Old Keith's relish revisited

My parents have planted a vegie garden, and from the size of the produce, they seem particularly talented at growing zucchinis. These are seriously the biggest zucchinis I've ever seen, and they're beautiful and firm the whole way through.

With a surplus of zucchinis, the plan was to take the excess over to my Dad's mate Old Keith so he could turn them into relish. I don't know what happened to change that plan, but Mum ended up making a batch, then sending me home with a jar of her relish and four gigantic zucchinis to make another batch myself.

I had a look at the recipe and found out it was pretty much identical to most zucchini relish recipes online. The biggest difference being the amount of zucchini, sugar or capsicum. Old Keith's recipe is on the lower end of the sugar range, but a bit light on for capsicum in my opinion. What really stood out as a problem was that this recipe, the same as all of the ones I saw online, refers to cups of zucchini and onion. I don't know about you, but I find it very difficult to judge how many cups you can get out of a given zucchini. What I know now, though, is that ten cups of zucchini is around 1.5 kilos.

Here's the recipe, avoiding cups, and tweaked to suit my taste preferences.

Zucchini relish

1.8 kg zucchini
900g onion
4 capsicum
7 tbspn salt
4 cups sugar
800 ml apple cider vinegar
1 1/2 tbspn mustard seeds
1 1/2 tbspn dill seeds
2 tspn turmeric
1 tspn cracked pepper
4 tbspn cornflour


Grate the zucchini and onion. Seed and roughly chop the capsicum. Place in a large bowl and sprinkle salt over the top. Leave to sit overnight. Wash and drain well, then place in a large saucepan. Cover with vinegar and add sugar and spices. Bring to boil and simmer for 30 minutes. Combine the cornflour with a small amount of the liquid to form a smooth paste. Stir through the relish and continue cooking for another five minutes. Bottle in sterilised jars, invert for 5 minutes, then store in a dark place for a couple of weeks to allow the flavours to develop. Will keep for up to a year in properly sealed.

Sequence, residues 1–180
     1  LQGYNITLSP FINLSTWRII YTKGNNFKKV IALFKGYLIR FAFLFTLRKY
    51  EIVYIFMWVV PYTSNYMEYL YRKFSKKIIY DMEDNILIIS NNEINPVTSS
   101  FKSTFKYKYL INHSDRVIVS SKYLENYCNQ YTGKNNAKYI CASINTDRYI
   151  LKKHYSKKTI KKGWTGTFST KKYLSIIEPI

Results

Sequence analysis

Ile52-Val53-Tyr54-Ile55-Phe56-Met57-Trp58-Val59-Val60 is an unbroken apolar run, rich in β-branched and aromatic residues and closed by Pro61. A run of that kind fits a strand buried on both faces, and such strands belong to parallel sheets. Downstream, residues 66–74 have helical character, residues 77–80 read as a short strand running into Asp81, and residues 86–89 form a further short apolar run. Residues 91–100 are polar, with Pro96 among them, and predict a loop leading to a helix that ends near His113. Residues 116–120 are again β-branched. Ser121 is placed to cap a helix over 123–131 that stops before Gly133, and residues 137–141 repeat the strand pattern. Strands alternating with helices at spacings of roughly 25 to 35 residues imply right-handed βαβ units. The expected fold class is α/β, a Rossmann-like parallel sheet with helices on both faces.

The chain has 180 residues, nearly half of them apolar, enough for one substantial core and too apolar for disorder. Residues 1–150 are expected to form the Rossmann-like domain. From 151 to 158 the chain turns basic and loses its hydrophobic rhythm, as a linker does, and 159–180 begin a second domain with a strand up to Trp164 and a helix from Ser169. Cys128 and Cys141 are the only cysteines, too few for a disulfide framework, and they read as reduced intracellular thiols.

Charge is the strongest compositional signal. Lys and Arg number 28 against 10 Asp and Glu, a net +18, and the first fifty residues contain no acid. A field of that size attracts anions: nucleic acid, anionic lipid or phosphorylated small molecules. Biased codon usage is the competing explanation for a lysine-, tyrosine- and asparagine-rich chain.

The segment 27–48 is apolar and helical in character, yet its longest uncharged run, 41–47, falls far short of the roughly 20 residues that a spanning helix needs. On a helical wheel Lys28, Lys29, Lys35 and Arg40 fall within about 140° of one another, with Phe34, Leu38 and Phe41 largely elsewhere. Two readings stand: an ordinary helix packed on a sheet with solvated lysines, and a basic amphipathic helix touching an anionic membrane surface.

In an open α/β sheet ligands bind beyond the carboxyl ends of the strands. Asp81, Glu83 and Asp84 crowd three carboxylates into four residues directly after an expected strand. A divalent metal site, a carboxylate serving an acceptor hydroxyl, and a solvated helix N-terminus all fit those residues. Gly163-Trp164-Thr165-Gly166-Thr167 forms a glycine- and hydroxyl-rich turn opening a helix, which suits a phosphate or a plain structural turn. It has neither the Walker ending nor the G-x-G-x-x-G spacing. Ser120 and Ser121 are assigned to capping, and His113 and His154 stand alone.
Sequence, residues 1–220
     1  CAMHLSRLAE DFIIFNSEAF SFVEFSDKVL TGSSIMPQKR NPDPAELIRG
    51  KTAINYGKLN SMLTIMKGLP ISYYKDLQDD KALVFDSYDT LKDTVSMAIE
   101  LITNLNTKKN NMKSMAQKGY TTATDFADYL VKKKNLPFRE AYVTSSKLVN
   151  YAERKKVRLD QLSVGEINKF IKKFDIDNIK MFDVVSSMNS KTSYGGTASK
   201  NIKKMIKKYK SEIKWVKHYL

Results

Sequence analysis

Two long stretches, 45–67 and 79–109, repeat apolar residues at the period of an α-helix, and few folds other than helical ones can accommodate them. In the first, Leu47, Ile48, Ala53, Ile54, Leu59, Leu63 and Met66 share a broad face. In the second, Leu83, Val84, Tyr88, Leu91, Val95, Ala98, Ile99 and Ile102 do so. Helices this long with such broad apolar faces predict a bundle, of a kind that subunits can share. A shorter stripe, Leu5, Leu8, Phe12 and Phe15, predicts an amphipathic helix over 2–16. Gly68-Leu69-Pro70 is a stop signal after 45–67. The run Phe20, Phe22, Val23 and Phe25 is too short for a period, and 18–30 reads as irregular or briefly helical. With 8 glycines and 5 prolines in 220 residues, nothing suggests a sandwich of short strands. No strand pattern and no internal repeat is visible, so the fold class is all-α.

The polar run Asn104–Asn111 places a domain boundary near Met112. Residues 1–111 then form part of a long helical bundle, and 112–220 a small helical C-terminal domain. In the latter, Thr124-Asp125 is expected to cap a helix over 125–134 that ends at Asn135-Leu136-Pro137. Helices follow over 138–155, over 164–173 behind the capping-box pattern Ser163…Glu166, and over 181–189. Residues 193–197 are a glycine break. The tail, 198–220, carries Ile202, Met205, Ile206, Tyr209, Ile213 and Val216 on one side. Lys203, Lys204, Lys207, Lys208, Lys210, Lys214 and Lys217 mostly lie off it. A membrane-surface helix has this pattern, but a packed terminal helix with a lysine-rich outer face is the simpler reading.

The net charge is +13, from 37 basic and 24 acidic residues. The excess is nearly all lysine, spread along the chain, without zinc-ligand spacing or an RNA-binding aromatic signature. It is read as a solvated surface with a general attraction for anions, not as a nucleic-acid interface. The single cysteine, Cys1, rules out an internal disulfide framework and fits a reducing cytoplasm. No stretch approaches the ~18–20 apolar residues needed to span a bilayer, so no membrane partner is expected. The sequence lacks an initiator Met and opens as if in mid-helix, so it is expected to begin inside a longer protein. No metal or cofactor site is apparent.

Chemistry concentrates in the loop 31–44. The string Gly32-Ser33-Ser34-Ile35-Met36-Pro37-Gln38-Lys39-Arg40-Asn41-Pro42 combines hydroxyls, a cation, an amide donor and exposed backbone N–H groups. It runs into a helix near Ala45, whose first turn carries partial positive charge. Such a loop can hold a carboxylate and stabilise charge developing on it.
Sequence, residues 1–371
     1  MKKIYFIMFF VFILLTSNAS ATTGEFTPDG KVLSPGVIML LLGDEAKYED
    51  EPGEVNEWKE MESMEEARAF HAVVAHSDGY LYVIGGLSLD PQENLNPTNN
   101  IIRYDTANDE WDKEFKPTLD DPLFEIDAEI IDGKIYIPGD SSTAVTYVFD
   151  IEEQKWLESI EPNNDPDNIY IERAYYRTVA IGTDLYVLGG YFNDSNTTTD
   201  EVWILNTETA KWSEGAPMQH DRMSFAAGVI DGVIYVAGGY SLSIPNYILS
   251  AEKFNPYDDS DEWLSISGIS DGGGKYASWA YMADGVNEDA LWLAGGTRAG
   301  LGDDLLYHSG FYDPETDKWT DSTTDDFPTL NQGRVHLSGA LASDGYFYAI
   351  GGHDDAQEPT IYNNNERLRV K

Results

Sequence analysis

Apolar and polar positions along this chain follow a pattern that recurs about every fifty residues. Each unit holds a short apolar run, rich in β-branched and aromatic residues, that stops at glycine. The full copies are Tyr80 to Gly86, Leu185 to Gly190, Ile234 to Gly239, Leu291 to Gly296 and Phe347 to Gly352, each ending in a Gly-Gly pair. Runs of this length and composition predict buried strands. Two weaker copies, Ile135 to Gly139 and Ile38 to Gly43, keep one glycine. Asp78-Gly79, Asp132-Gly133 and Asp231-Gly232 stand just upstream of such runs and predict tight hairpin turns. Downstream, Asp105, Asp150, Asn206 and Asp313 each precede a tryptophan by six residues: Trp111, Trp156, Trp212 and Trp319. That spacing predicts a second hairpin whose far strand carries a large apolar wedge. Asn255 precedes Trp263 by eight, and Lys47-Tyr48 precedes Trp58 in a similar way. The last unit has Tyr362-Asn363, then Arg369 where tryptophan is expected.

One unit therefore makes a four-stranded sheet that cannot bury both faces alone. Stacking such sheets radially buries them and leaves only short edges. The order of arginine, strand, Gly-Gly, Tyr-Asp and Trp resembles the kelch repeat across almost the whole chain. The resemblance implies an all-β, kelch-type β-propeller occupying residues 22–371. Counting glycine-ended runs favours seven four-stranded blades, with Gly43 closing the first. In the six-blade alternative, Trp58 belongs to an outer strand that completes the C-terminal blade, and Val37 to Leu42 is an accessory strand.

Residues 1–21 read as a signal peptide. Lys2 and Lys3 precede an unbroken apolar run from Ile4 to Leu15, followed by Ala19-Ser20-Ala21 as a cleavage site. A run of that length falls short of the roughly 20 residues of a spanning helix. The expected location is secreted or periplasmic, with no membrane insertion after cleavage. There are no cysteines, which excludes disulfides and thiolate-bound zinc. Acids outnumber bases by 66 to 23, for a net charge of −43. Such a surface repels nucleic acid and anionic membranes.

Baking a better sponge

My first attempt at sponge cake was pretty good but in need of some tweaking. The coffee flavour really didn't come through and I could taste the egg, despite assurances from everyone else that it was perfectly fine. This time I tweaked the recipe a bit to include some of the other ingredients I've seen online. The result was much better, a bit sweeter without being cloying, and still with the light texture you want from a sponge cake.

As it was a birthday cake, I decorated it with butter cream frosting and sprinkles on the side, butter cream frosting between the layers, and fondant icing on top. I think it would be much nicer with fresh whipped cream and strawberries, or perhaps a passionfruit glaze and whipped cream. I'll be making the basic recipe again and trying it out with loads of variations as it's really pretty easy when you've got a good mixer.

Vanilla sponge

4 eggs, separated
pinch of salt
3/4 cup of castor sugar
1 tspn vanilla essence
1 cup wheaten cornflour
1 tspn cream of tartar
1 tbspn custard powder
1/2 tspn bicarb soda


Preheat the oven to 175 Celsius. Grease and flour two 20 cm sandwich pans. Beat the egg whites with the salt until soft peaks form. Gradually add the sugar and continue beating until the sugar has dissolved and the whites are stiff. Fold in the yolks and vanilla, being careful not to lose volume from the whites. Sift the remaining dry ingredients at least three times. Gently fold through the egg mixture. Divide batter into prepared pans and bake 20 - 25 minutes until sides have shrunk from the edges of the pans.

I can't believe they're vegan cupcakes

Smidgin is off to his first birthday party - other than mine, that is - this week, and I've volunteered to make the cake. Auntie Hotmo has requested a sponge cake for the birthday boy, which, after a successful practice run, I'm sure will work out nicely. One of the guests has dairy and egg allergies, and Smidge doesn't react well to milk either. So my challenge for the week was to come up with a cupcake recipe that's egg and dairy free, without using soy, which is just as likely to trigger a reaction in somebody. Here's what I came up with.

Banana Coconut Cupcakes

1/2 cup margarine
1/2 cup caster sugar
1 banana, chopped